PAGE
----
Squabbles Persist on West Virginia Blue Ribbon Commission on Higher Education
CHARLESTON — Members of the Blue Ribbon Commission on Four-Year Higher Education said they are concerned that West Virginia University is wielding too much influence on a proposal to replace the Higher Education Policy Commission.
Commission members met by conference call Thursday to discuss a proposal from the Structure and Organization Subcommittee to replace the HEPC with a new agency and give more power to the boards of governors at public colleges and universities.
Drew Payne, the chair of the Structure and Organizational Subcommittee and the former chair of the WVU Board of Governors, briefed commission members on the subcommittee’s proposal to replace the HEPC with a new Office of Post-Secondary Education. The new office would focus on access to higher education for West Virginians and help make the colleges and universities more efficient.
In the proposal, the office would consist of a board with the 10 public colleges and universities providing one member each. The board would elect a director.
Payne said his subcommittee is looking at the legal mandates given to the HEPC to determine which one should be transferred to the new office and which ones should be repealed by the Legislature.
In lieu of the HEPC, more power would be given to the individual boards of governors.
“Listening to everyone, it was very obvious they have tremendous confidence in their own governing boards. They do not see the need for additional bureaucracy in Charleston,” Payne said.
“Anything else that is not required is the responsibility of the individual institutions and their own board of governors.”
Eric Lewis, the chairman of the board of governors at Shepherd University, raised concerns about WVU having too much control on the proposed office and asked that the number of schools represented on the board be reduced. The current proposal included a representative from WVU and West Virginia University Tech, which is overseen by WVU.
“I like the idea that every school recommends an appointee, but I’d like to see it go from 10 to nine and have every school that has an independent governing board appoint someone,” Lewis said. “It seems to me that WVU and WVU Tech would both have an appointee on this 10-member board when WVU should only have one.”
Mike Farrell, chairman of the HEPC, has been a critic of Gee’s efforts to eliminate the HEPC ever since the Legislature asked the HEPC to develop a new performance-based funding formula that would have taken state dollars away from WVU and its affiliated schools. Farrell wrote a letter to commission members last month warning against eliminating the HEPC.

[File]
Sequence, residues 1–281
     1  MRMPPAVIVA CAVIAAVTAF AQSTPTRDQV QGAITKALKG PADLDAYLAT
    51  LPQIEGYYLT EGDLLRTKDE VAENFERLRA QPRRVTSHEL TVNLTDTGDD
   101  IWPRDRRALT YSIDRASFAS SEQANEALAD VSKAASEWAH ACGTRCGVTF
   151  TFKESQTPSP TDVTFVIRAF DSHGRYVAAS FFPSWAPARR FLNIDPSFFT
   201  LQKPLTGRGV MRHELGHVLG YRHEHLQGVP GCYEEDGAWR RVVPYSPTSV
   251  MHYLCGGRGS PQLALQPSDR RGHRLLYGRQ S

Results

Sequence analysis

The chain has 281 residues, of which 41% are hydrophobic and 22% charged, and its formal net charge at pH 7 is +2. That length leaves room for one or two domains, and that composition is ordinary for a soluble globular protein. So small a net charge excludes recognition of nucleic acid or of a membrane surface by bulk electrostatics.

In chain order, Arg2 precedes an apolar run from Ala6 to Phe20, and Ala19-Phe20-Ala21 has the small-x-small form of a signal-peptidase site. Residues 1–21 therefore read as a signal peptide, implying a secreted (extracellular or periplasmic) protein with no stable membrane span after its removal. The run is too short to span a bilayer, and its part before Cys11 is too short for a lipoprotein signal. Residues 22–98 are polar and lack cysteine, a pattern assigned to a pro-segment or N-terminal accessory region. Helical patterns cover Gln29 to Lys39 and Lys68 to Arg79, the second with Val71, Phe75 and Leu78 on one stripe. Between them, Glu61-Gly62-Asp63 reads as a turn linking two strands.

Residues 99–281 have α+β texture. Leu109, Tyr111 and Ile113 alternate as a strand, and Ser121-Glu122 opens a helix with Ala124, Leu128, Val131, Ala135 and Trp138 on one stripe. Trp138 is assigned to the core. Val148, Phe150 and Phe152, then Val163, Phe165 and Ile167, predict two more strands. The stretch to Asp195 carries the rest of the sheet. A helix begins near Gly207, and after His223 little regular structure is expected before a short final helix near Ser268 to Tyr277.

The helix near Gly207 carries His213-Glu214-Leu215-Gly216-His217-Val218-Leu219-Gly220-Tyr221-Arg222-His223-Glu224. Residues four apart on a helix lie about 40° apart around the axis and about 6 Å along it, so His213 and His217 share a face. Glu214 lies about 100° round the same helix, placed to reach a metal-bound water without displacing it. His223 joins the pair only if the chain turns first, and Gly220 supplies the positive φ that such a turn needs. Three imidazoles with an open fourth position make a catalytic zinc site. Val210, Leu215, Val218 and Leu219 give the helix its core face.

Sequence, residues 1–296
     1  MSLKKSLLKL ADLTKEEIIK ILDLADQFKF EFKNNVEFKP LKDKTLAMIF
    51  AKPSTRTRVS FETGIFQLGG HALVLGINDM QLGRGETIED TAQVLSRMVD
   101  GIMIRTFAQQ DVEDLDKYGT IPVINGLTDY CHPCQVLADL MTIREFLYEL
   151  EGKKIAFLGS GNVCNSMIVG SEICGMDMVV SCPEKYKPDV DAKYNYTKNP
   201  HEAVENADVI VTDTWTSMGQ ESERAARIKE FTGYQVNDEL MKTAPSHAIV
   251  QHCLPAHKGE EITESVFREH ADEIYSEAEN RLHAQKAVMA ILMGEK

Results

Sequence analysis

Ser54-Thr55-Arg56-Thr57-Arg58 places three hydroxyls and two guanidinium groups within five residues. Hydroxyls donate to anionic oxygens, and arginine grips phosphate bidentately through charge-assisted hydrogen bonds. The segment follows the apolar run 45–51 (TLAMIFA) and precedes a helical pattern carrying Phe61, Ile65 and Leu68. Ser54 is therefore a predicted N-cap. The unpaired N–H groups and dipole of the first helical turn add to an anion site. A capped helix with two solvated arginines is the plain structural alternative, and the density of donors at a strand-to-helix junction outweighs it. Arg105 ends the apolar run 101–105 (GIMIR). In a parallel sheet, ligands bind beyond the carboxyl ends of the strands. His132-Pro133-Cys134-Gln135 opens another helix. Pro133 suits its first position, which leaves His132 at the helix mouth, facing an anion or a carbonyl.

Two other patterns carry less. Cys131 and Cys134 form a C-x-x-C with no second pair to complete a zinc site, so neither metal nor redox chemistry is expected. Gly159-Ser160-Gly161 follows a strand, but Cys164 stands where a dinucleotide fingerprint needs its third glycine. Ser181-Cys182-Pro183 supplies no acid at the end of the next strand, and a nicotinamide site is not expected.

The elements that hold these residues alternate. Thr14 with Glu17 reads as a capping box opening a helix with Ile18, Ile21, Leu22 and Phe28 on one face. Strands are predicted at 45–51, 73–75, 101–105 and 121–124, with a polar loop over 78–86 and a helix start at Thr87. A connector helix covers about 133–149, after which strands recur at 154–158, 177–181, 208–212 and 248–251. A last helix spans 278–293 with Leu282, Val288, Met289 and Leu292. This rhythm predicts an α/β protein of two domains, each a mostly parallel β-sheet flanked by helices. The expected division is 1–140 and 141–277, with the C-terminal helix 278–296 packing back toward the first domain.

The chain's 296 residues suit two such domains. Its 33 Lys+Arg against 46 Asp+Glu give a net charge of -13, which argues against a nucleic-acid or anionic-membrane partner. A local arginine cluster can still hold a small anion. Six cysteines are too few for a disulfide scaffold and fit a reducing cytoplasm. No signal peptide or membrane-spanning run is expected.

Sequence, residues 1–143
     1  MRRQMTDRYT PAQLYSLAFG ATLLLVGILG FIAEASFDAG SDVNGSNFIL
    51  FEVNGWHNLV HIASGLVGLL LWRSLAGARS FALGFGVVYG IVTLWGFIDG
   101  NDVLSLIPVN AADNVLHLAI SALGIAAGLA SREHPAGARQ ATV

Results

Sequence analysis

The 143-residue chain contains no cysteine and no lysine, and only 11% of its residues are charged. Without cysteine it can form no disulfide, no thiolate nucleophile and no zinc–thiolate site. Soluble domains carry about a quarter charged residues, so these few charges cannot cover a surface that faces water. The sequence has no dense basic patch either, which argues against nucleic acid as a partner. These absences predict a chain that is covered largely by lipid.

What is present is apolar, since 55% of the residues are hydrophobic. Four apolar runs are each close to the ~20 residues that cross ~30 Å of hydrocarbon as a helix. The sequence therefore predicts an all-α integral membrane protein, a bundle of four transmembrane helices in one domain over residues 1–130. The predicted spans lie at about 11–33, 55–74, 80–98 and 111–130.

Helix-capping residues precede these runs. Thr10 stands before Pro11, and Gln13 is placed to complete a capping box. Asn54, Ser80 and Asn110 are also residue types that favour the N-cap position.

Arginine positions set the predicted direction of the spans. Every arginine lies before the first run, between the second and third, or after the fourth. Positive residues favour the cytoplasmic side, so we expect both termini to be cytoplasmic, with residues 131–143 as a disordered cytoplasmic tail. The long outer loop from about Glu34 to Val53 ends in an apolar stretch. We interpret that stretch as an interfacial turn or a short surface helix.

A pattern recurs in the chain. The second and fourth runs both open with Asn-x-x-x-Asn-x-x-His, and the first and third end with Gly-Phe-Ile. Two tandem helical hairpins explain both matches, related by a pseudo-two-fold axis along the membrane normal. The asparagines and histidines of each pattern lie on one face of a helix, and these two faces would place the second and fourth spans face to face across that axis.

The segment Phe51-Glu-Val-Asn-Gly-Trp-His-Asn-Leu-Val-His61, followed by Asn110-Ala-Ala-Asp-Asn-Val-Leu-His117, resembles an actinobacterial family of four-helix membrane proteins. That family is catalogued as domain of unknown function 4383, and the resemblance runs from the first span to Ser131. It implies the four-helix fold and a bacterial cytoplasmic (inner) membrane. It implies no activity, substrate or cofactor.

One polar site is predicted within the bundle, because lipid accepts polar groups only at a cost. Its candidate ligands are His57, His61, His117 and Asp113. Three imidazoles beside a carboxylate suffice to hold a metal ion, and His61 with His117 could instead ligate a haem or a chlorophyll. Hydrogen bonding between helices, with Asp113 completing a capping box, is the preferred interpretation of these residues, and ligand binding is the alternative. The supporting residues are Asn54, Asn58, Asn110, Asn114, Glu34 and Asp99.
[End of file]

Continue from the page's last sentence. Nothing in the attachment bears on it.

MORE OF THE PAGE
“As I’ve said in previous meetings, the HEPC is all about ensuring accountability as mandated by state statute,” Farrell said. “The concern I have with this particular proposal is the lack of accountability to the Legislature in terms of its structure and reporting responsibilities.”
“Let me remind you that the governing boards are appointed by the governor and approved by the Legislature,” Gee said, responding to Farrell’s remarks. “That’s where the accountability lies and where it should lie by the way. No need to have a super governing board. We’re really returning, finally, responsibility for governance back to the institutions with a service agency that will handle those issues that need to be centrally managed.”
Jerome Gilbert, president of Marshall University, asked about how federal Experimental Program to Stimulate Competitive Research monies would be distributed to the state’s three research institutions — WVU, Marshall and West Virginia State University. Those monies are handled by the HEPC. While those duties could be put in the new office being proposed, Gee recommended that a new board be created to distribute those grant monies.
“I might propose with the EPSCoR that we actually have a research board that controls it, made up of the research universities,” Gee said. “It’s not doing very well right now where it is housed.”
“I would disagree,” Gilbert pushed back. “I think it’s been handled very well over the years through the office of HEPC. Gordon, you need to realize that we need a neutral person overseeing this because I’m going to be biased, you’re going to be biased and Anthony is going to be biased. If we have a board, WVU will dominate that board.”
The subcommittee will take the comments from the commission members and develop a final proposal. If approved, the commission will present the proposal to Gov. Jim Justice.
The commission will meet in person Nov. 27 in Bridgeport. The commission has until Dec. 10 to submit a final report to the governor.